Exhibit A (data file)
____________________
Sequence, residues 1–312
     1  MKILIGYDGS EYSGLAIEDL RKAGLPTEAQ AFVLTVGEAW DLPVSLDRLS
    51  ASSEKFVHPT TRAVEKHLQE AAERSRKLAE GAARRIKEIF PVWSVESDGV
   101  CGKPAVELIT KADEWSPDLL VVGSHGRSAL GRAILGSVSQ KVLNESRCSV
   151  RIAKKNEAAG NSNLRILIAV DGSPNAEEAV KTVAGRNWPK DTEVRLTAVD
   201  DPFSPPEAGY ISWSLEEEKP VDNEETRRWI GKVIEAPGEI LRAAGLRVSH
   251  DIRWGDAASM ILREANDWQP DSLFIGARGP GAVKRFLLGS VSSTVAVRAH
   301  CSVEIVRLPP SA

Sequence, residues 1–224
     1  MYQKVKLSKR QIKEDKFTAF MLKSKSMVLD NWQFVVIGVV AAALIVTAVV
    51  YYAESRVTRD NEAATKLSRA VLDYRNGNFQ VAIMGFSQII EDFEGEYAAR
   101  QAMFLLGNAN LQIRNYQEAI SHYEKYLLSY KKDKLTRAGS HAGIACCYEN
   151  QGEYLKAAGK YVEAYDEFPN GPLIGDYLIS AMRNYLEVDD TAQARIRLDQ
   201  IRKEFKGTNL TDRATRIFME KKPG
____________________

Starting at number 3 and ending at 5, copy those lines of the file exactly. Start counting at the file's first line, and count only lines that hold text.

    51  ASSEKFVHPT TRAVEKHLQE AAERSRKLAE GAARRIKEIF PVWSVESDGV
   101  CGKPAVELIT KADEWSPDLL VVGSHGRSAL GRAILGSVSQ KVLNESRCSV
   151  RIAKKNEAAG NSNLRILIAV DGSPNAEEAV KTVAGRNWPK DTEVRLTAVD